Israeli officials on Sunday praised US President Donald Trump on the American special forces raid in Syria that killed Islamic State leader Abu Bakr al-Baghdadi, with Prime Minister Benjamin Netanyahu calling it an “important milestone” in the fight against terrorism.
Trump confirmed earlier that the elusive leader was killed, saying he died “like a dog” in a daring nighttime raid by US special forces deep in northwest Syria.
In a televised address from the White House, he said that US forces killed a “large number” of Islamic State fighters during the raid, which culminated in cornering Baghdadi in a tunnel where he set off a suicide vest.
“I wish to congratulate President Trump on the impressive accomplishment that led to the elimination of the head of Daesh, al-Baghdadi,” Netanyahu said an hour later in a video statement while touring the Palmachim air force base, using the Arabic initials for IS.
“This reflects the shared determination of Israel, the US and all the free countries to fight terrorist organizations and terrorist states,” he added. “This accomplishment is an important milestone, but the battle is still ahead of us.”
Benny Gantz, who is currently tasked with trying to cobble together a coalition after Netanyahu failed to do so, also issued a statement praising the operation and the US president.
“The fight against terror requires a mix of responsibility, patience and determination to act,” Gantz, a former IDF chief of staff, said in a statement. “The elimination of the Daesh leader in Syria is a combination off all three.
“This is an important operational and intelligence accomplishment of the United States military forces, led by President Trump,” he added.
“Al-Baghdadi is directly responsible for the cruel deaths of hundreds of thousands of people whose only crime was that they didn’t share his same extremist ideology,” he said.
Gantz warned, however, that Baghdadi’s death did not mean military forces battling terrorism could pack up and go home.
“The fight against terror is not a fight against one man, it is long and uncompromising, but every targeted killing sends a deterring message to the entire leadership of the organization and its members — the long arm of those who fight terror reaches everywhere,” he said.
Foreign Minister Israel Katz issued a similar statement, congratulating Trump and US forces and and calling it “a very important psychological and practical achievement… and an important message to the free world that with determined war, terror can be defeated.”
Other international reactions also started pouring in.
British Prime Minister Boris Johnson hailed the operation as “an important moment in our fight against terror” but said that “the battle against the evil of Daesh is not yet over.”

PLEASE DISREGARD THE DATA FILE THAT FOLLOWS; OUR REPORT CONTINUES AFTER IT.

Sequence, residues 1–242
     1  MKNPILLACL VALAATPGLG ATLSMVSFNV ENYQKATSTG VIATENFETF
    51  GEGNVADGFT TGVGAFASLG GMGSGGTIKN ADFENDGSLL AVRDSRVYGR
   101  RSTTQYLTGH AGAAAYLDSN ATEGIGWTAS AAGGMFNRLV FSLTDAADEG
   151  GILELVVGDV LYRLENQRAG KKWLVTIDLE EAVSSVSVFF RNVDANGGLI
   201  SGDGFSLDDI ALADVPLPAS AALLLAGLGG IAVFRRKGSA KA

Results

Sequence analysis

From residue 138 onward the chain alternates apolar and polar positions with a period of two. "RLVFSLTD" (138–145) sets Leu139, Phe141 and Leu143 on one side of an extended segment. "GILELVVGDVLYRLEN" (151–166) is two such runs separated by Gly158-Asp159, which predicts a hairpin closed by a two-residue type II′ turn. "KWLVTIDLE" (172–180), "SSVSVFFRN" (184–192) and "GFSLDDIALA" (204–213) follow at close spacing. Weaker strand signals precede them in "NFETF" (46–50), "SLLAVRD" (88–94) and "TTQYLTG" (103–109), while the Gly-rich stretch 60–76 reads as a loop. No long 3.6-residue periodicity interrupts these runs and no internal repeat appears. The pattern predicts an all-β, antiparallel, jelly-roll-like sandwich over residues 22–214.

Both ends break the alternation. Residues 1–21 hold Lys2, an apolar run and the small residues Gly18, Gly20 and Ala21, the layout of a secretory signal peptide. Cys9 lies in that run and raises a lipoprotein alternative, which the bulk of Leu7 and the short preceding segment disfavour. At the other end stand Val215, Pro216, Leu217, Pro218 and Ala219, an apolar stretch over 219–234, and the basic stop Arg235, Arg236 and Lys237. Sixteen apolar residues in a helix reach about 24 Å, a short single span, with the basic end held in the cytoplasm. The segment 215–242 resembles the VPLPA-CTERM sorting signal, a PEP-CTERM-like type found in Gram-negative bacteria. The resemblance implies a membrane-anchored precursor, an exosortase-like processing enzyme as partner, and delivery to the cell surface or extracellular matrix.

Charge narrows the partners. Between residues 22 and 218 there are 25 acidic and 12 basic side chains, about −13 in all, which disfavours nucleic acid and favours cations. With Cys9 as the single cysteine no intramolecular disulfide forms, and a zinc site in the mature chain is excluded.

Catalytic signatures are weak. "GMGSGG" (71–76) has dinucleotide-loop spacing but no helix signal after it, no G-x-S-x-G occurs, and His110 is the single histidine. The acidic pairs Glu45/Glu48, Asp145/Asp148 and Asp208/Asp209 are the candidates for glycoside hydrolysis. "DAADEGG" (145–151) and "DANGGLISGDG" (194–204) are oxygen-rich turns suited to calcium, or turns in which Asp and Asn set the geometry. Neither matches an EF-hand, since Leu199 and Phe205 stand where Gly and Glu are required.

“We will work with our coalition partners to bring an end to the murderous, barbaric activities of Daesh once and for all,” he wrote on Twitter.
British Defense Secretary Ben Wallace said the Islamic State group’s leaders “have twisted Islam to groom thousands of people into joining their evil cause. I welcome the action that has been taken. The world will not miss Al-Baghdadi.”
Trump said in his announcement that Baghdadi “died after running into a dead end tunnel, whimpering and crying and screaming all the way,” adding that three of Baghdadi’s children also died in the blast.
Trump said that the raid — which required flying more than an hour by helicopter each way from an undisclosed base — had been accomplished with help from Russia, Syria, Turkey and Iraq. Iraq later said it had provided Baghdadi’s location to the US.
At its height, Islamic State controlled swaths of Iraq and Syria in a self-declared state known as a caliphate, characterized by the brutal imposition of a puritanical version of Islam.
In addition to oppressing the people it governed, Islamic State planned or inspired terrorist attacks across Europe, while using expertise in social media to lure large numbers of foreign volunteers.
It took years of war, in which Islamic State became notorious for mass executions and sickening hostage murders, before the group’s final slice of territory in Syria was seized this March.
Long pursued by the US-led coalition against IS, Baghdadi has been erroneously reported dead several times in recent years.
Baghdadi — an Iraqi native believed to be around 48 years old — was rarely seen.
After 2014 he disappeared from sight, only surfacing in a video in April with a wiry gray and red beard and an assault rifle at his side, as he encouraged followers to “take revenge” after the group’s territorial defeat.
His reappearance was seen as a reassertion of his leadership of a group that — despite its March defeat — has spread from the Middle East to Asia and Africa and claimed several deadly attacks in Europe.
The US State Department had posted a $25 million reward for information on his whereabouts.
In September, the group released an audio message said to be from Baghdadi praising the operations of IS affiliates in other regions.
It also called on scattered IS fighters to regroup and try to free thousands of their comrades held in jails and camps by Kurdish forces in northeastern Syria.